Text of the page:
back contents next November 21, 1999

American Psycho, Halfway

Eileene My father called me tonight. Great timing too -- just after dinner. I slept for most of the afternoon today. Zap. 4 hours gone. I wish I didn't do it because it makes my sleep schedule go way out of wack. Anyway, my father called me and asked me to help him learn how to use Photoshop to convert his .tif photographs into .jpg files. I helped him step by step by opening my own version of Photoshop and working it all out with him. My i-cam captured most of the conversation and the photographs make an interesting series.

"And I shall call it, 'On the phone with father'."

Iko and PhoneI didn't talk about how I was getting on with American Psycho yesterday, so I figured that I would fill you with an update. I'm about halfway into the book and I've gotten to like it. I like it quite a lot actually. I guess that's because I've learned what parts are best to skip reading. The heaviness of detail continues throughout the novel and although it adds that flair of detail that a madman's mind might go through, it is still tedious reading. So, I skip it.

Iko and PhoneI hope the Book Gods won't be angry at me for skipping.

Now that I've learned what parts to skip, I've gotten a greater appreciation of what's actually going on in the book. The dialogue is very funny at times, especially when he is with his friends and they are all yammering away at some famous restaurant or nightclub. They are all so wrapped up in their little worlds that they are oblivious to each other. I like how Patrick Bateman Iko and Phone (the narrator, main character, and serial killer) has a reputation for enjoying gruesome things amongst his friends and makes inappropriate comments which they either ignore, are oblivious to, or misinterpret as a joke.

I am enjoying "getting to know" his twisted nature. However, I keep it always at arms length, always at a distance. I recognize this kind of character, this personification as something that I don't want to start "identifying" with personally. He's an obviously vile creature, extreme and excessive and wanton and pure, unadulterated evil. I would never admire him, never look up to him, never find him attractive. However, there is a part of me that enjoys reading his thoughts and what goes through his mind.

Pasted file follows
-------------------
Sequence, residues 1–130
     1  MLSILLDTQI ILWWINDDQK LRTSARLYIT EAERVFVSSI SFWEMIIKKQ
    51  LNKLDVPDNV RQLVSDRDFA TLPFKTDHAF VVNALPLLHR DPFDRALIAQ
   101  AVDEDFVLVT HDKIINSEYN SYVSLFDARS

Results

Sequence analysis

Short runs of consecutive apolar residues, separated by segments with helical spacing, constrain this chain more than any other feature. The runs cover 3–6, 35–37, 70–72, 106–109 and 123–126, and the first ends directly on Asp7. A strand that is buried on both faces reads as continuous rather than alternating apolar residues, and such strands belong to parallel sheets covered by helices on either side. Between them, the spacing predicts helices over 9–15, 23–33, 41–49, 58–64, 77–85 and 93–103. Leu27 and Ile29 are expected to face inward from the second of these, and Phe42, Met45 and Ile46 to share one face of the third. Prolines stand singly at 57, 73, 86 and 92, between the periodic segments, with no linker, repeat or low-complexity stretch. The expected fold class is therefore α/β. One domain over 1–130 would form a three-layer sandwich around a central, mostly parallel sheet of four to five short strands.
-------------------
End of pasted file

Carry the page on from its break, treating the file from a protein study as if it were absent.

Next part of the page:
Iko and PhoneIt's the same part of me that, like Pat Bateman, enjoys reading books involving serial killers, especially the ones that deal with the psychology of killing. The coldness in being a serial killer is so removed from what I consider a "human" existance that I can't grasp it at all. I can't understand it. So, I am fascinated by it. Perhaps, I shouldn't be so fascinated by it. I don't like the thought that I could be someone like him.

Iko and Phone There is one chapter devoted to the musical merits of Genesis. I don't understand it. I don't understand why it's there. It's very non sequitur. There is also another chapter where his friends take Pat, reluctantly, to a live U2 concert. He dislikes live music but finds Bono inspiring. He believes that Bono sends him the message "I am the devil and I am just like you". It's a funny scene, where his friends try to make out lyrics ("Where the Beat Sounds the Same") and the band members ("Which one's The Ledge?").

Iko and Phone Although there are hints that he's killed women in events that have been left undescribed (he brings bloodied sheets to the cleaners), so far there has only been one killing of a man and his dog and some hot and heavy sex with some torturing that remains undescribed in detail and I'm halfway through with the book. Then again, the reviews that I've read say that it picks up later and gets particularly gruesome.

I haven't decided whether or not I feel I will enjoy it when it does (did that make sense? What I mean is, I know that the book's pace will pick up. I'm not sure if I will enjoy it when it does). I did enjoy Hannibal when it picked up its pace a little. However, Bret Easton Ellis is definitely not Thomas Harris.

I never had to skip reading Harris. I wonder if Ellis' other novels are like this too. Urg.

A thank you goes out from me to Susan Rappoport, who chose an image set from Bonsai No Mori for her site. I am honored and thrilled that she used it.


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© Copyright 1999 Eileene Coscolluela